Liz and I had a great time passing back and forth the humor Americans have for those living in Kansas and we are adding Liz as another great Kansas person to know. Our Kansas friends Jeannie, Annette and Bill should know that now with meeting Liz the scale is favorably tipping for Kansas.

Tonight, while writing about our Schnitzel days, we already are in Rome but Rome wanderings will have to wait for another day.
It was Helga who showed us another way, another word for saying Schuss, auf wiedersehen, good-bye or tot ziens. All words containing that we have a hope to see each other again.
Helga gave us the Austrian word of Servus, an ancient word meaning that while we may not see each other again on this earth we honor and treasure every moment we spent together.

Servus Helga, Vienna and Austria.


Posted by tomstrick1 13:53 Archived in Austria Tagged round_the_world Comments (0)


sunny 25 °C

With our time here in Santorini and Greece drawing to a close we took stock of all the extra’s we accumulated in the last 5 countries and were still hauling with us. It was time to put a package together and send it home. Finding the local post office is way more difficult than emergency medical care and many steps were taken on the Santorini Island before our box could be sent. It is a veiled gift . Our children, to whom this was sent are not allowed to open the box beyond the Nepali veil, covering their Christmas gifts. On the very top is a small clear package which contains 5 pouches, holding the coins of Thailand, Nepal, India, Turkey and Greece, the countries we have traveled in these last weeks.
They have been faithfully collected for our favorite son in law, Mr. Corbitt, and his class at Simon Intermediate school in Conway, Arkansas. While now in Euro land, we have learned that not all Euros are equal as pointed out to us in a small Santorini store where the owner showed us the Greek mark on the coins and maybe after Greece we will no longer see the 1 and 2 Euro cent coins. The Nepali pouch of coins is still the most special to us, partly because of the difficulty in aquiring them. In Nepal, rupee coins are rarely seen and passed and even for the smallest denominations, 1, 2 or 5 rupees, worth pennies each, tattered bills are now much more common which makes it hard to believe that as recent as 1953, when Sir Edmund Hillary scaled Mount Everest an 30 extra Sherpa porters hauled the coins needed to pay for his expedition since at that time rupee bills were still unheard of in Nepal . In our Nepal coin bag is a small piece of chocolate. It was the tender rendered for 1 rupee when the store did not have the correct change and seeing the pile of chocolates in the cash register drawer, very acceptable.

We ended our time in Santorini with that we did most of and that was walking. The island invites one to this, blasted as it was to smithereens by volcanic activity it leaves one side with sheer cliffs while on the other side gently sloping back to the sea, allowing black and red sand beaches for the tourists to bake on. Our most favorite walk was the 15km hike from Fira to the town of Oia, built along the rim of the caldera wall and known for a spectacular sunset. Walking through the narrow alleys, terraced on cliffs showed us the roof arches of Santorini, all whitewashed or painted the church blue and there to offset the other Santorini phenomena which is the hidden flat basins each arched roof carries to catch and utilize every raindrop which falls on this extremely dry island. Slightly tilted, each roof has a drain which carries the rare , fresh water to a cistern deep below each house. On top one could also see the stainless steel hot water tanks attached to the solar panels which gave us many good hot showers. It is amazing how an island without fresh water and limited rain days can maintain its greenness, flowers and grape crops for the Santos wine. We mentioned earlier the lowness of the grape bushes, barely 2 feet in height so as to be protected from the Santorini wind which is strong, fierce and as the few trees show, blows from one direction only.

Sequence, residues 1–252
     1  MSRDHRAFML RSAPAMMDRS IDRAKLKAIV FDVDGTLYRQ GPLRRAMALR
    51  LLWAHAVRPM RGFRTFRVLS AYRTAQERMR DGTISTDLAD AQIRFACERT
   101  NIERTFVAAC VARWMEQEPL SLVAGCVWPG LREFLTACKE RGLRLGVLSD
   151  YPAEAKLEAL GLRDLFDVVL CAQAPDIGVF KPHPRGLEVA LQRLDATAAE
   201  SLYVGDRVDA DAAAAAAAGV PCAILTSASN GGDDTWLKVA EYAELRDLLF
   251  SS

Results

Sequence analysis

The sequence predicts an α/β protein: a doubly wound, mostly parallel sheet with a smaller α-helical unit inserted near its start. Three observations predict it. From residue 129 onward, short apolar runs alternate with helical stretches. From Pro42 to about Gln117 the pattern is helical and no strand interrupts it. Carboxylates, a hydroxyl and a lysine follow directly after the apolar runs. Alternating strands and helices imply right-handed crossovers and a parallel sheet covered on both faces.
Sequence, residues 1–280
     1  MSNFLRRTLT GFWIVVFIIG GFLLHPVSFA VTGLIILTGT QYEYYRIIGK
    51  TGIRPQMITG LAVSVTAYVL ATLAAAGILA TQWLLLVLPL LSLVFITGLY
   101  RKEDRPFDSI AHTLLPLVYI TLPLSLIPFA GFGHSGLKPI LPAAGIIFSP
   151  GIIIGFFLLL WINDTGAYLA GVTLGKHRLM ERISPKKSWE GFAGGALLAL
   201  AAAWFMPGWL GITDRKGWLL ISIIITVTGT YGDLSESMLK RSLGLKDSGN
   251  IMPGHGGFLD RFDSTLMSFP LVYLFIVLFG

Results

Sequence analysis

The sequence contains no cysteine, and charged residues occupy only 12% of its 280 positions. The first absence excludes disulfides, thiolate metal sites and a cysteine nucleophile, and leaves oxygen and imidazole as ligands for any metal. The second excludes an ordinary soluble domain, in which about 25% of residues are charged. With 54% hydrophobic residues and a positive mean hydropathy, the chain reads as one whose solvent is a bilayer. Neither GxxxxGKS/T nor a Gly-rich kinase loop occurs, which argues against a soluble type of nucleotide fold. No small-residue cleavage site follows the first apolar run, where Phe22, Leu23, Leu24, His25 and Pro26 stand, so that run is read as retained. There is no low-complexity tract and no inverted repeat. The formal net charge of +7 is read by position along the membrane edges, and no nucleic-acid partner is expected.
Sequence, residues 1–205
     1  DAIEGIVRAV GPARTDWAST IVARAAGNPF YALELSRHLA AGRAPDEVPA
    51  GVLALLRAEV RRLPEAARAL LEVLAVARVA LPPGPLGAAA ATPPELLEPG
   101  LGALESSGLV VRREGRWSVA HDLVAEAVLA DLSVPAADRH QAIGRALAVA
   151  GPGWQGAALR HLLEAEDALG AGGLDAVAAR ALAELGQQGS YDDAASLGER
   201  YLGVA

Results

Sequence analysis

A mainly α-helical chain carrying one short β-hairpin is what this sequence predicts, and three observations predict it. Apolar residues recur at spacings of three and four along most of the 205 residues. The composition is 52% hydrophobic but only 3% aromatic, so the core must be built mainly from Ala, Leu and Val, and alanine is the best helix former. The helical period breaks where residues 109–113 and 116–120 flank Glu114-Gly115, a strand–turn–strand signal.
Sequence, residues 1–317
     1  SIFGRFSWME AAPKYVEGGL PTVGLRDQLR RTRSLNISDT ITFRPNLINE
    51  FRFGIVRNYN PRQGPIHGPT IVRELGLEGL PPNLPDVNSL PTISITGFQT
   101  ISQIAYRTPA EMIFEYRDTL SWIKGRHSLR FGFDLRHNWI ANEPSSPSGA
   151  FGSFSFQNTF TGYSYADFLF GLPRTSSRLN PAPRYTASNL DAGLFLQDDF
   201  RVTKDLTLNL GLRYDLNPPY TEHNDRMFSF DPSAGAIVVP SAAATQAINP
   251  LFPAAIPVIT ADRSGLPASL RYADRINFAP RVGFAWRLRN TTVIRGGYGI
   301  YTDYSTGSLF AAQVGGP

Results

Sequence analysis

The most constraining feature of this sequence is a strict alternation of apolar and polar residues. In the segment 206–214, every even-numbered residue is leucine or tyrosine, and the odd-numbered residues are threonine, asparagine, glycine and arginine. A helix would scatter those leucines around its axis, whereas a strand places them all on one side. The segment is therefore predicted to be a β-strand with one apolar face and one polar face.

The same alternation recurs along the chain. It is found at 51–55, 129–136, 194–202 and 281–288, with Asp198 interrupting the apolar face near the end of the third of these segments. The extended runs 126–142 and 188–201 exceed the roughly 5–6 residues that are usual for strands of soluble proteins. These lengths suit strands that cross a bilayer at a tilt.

We took the “See Santorini in one day” tour and had a reenergizing blast. The tour involved a visit to the prophet Elias monastery built on the highest point of the island in 1711 AD and of course the view was breathtaking. In the Athinios port we boarded the old King Thiras boat which took us first to the island of Nea Kameni which is still an active volcano and the walk around and on the volcano involves clambering on lava with lots of tourists and not all were sufficiently warned that on this hike no donkeys were available. Afterwards the boat sailed to the small island of Palia Kameni,where we were offered a swim in the green, hot sulfur waters flowing behind the active crater. This became quite comical. The King Thiras boat stopped quite a way back from the island and we were all offered the opportunity to jump in, swim through the very cold , early spring Aegean waters for 15 meters( give or take a couple of 100 meters) before enjoying bathtub warm, orange and white speckled sulfur waters and some of us did. That’s when true bonding starts with your fellow passengers; Chinese, Dutch, Australian, American and Greek all sound alike when only shrieks of pain and moans of joy are heard when the water temperature abruptly changes from 10 to 35 degrees Celsius. The swim back to the King Thiras became a race since only cold water was a certainty on the return. The island of Thirassia was visited next and we hiked up to the village of Manalos and wondered when the tour company will start warning tourists that their day program is quite a work out. In Santorini donkeys are of course ready and willing to take you up the 600 or so vertical steps with at least many more horizontal steps in between but even while knowing how it boosts the Santorini economy, we struggle with having these tiny donkeys carry our big bodies up. Port Athinos was built only 40 years ago when Santorini realized that the port of Fira was not conductive in attracting the tourists, not even the donkeys could carry all the luggage and there was no room for the winding road needed to carry the big buses and their load up which now is in place. It is in Athinios where the big ferries stop. Fira still has its port for the daily cruise ships and some years ago a smart business man built a steep cable car to take the tourist up and down which of course drew the wrath of the donkey owners. Lately a happy compromise has been reached in Santorini, the cable car owner gives twenty percent of his profit back to the donkey owners who sit waiting for the few costumers still wanting the authentic ride up the many steps.